By 1916 the Old Gaol in Wicklow had been offered to house German prisoners of war or ‘cultured animals’ as they were christened and the Murrough had also been offered to the War Office for the building of a concentration camp by Wicklow Urban Council. A large meeting had been held in the Town Hall Wicklow by the local Volunteers who had discussed the German Naval High Command reducing Wicklow to atoms in mere seconds from the sea and launching a seaborne invasion of the town ‘to take the pennies out of our pockets.’ Why Wicklow was such a strategic target was not explained nor why an invasion would be launched on the loose change in the town. The town coped as best it could with wartime restrictions in 1916 and things would get worse before the war was over. Petrol rationing meant a return to foot or pedal power and the horse and cart regained their popularity for a time. Wicklow citizens walked, cycled or travelled to dances and football matches by whatever means possible. Life continued for the citizens who thronged to the Wicklow Races and the Wicklow Regatta. Trade in the port was up with imports of coal and wheat and the new motor tax was introduced. Crowds of people flocked to the beach with buckets to gather the coal that was washing up from the wreck of the ‘Trifylia,’ whose anchor can be seen at the Black Castle to this day. The vessel had a cargo of 2,000 tons of coal. There was trouble in the district too with a streaker at Tighe’s Avenue and indecent and riotous conduct on the streets of the town.
There was trouble in the district too with a streaker at Tighe’s Avenue and indecent and riotous conduct on the streets of the town.
Bigger fines were called for. The men of the R.I.C. policed the town and had stations in nearby Rathnew and Ashford up to 1924. In the aftermath of the Rising they were increasingly active in setting up roadblocks, searching vehicles and raiding suspect properties backed up by regular soldiers. Gunfire and conflict on the streets of Wicklow were not too far in the future. The Constables also checked the Aliens Registers of the hotels in the county, always alert for German spies. The Aliens Register for the Wicklow House Hotel, which was situated in the Market Square of Wicklow, lists more visitors and commercial travellers details from 1914 to 1918 than that of the 1939-45 war. No one was above suspicion, even a tramp appeared at the Wicklow Petty Sessions accused of being a German spy, he stated: ‘I was singing songs in praise of our soldiers at the front; a crowd got round me and bawled out ‘he is a German spy-kick him boys.’ The Constables heard about the incident and arrested the hapless tramp as a result. In nearby Arklow men had been speaking in a foreign language in a local pub, they were manhandled to the Arklow Barracks and denounced as German spies. They were in fact sailors from Norway, from a boat in the harbour.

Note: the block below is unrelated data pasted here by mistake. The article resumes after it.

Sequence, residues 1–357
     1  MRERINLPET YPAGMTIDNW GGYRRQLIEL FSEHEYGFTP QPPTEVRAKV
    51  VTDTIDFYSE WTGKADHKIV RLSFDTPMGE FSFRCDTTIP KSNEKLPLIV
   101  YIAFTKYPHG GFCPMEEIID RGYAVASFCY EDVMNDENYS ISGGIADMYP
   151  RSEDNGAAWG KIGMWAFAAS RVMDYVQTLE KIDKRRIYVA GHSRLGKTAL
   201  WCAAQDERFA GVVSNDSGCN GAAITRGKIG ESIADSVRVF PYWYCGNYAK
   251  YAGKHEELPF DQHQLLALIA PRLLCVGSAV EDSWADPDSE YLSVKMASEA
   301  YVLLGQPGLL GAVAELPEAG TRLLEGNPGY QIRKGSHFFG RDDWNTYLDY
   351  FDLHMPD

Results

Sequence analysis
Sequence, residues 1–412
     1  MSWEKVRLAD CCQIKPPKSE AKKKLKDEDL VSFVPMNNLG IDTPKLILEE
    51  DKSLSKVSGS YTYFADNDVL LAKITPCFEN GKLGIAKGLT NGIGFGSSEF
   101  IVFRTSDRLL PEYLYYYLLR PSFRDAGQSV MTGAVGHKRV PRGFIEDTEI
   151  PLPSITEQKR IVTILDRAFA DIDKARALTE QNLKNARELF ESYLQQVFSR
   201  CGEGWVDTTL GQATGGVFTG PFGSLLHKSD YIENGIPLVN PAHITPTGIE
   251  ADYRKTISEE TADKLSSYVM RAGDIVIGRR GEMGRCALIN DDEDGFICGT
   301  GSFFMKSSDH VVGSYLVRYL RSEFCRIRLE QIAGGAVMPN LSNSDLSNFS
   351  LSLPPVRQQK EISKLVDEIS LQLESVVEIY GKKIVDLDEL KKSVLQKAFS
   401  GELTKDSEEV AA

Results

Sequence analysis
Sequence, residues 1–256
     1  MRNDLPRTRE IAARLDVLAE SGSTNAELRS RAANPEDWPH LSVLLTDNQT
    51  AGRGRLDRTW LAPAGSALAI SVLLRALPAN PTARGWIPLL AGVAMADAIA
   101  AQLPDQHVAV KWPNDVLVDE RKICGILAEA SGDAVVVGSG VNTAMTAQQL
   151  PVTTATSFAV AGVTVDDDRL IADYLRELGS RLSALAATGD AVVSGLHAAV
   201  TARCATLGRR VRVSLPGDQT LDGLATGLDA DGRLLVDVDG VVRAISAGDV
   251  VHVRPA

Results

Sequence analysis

Rathnew village emptied almost completely of men of serviceable age, a great number of whom were followers of John Redmond, signed up to fight at the front. It was recorded in The Wicklow Newsletter Newspaper: ‘There will be no county in the United Kingdom so justly proud as the County of Wicklow, for in it there is the village of Rathnew, where the slogan did not sound in vain, and where the throb of War was felt by one and all.’ This was a very true statement as Rathnew men had a strong fighting tradition, from the 1798 Rebellion, the Spanish American War, the Boer War, to the Great War. ‘Today almost every man there has answered his country’s call and joined in the fight, showing that the terrors of the battlefield have only joys for them and the music of battle is the music for Rathnew.’ In the 1916 Roll of Honour for the village, a long list of names was published with many listed as killed, wounded, prisoners of war, discharged on medical grounds and gassed. One man had five sons and a son- in-law serving, Mr. P. Jameson was congratulated in a letter from the King. ‘Rathnew again! Rathnew every time! The old Gaelic war cry repeated under different circumstances,’ (to the football field.)
The list for the Newtownmountkennedy Roll of Honour 1916, was no different listing six Kelly brothers serving along with several fathers and sons, and a light enough casualty listing, up to March of that year. Private Edward Kelly was listed as ‘killed at the beginning of the war.’ The Wicklow Parish Church Roll of Honour also listed the Killed, wounded, prisoners of war, the invalided and Private Isaac Langrell, one of many smuggled across German lines by the famous Nurse Cavell, executed by a German firing squad for doing so.
Those winning the Military Cross in 1916 included Corporal Thomas Marah of Rathnew. Corporal Marah: ‘ran out telephone wires and repaired them under shellfire.’ Sergeant Major P. Kearney of Wicklow also won the M.C. Private Patrick Sullivan returned from the Dardanelles on leave to Rathnew. He had met many Rathnew men there and formed a part of the burial party for Private Cullen: ‘one of three brothers who were from ‘near Wicklow.’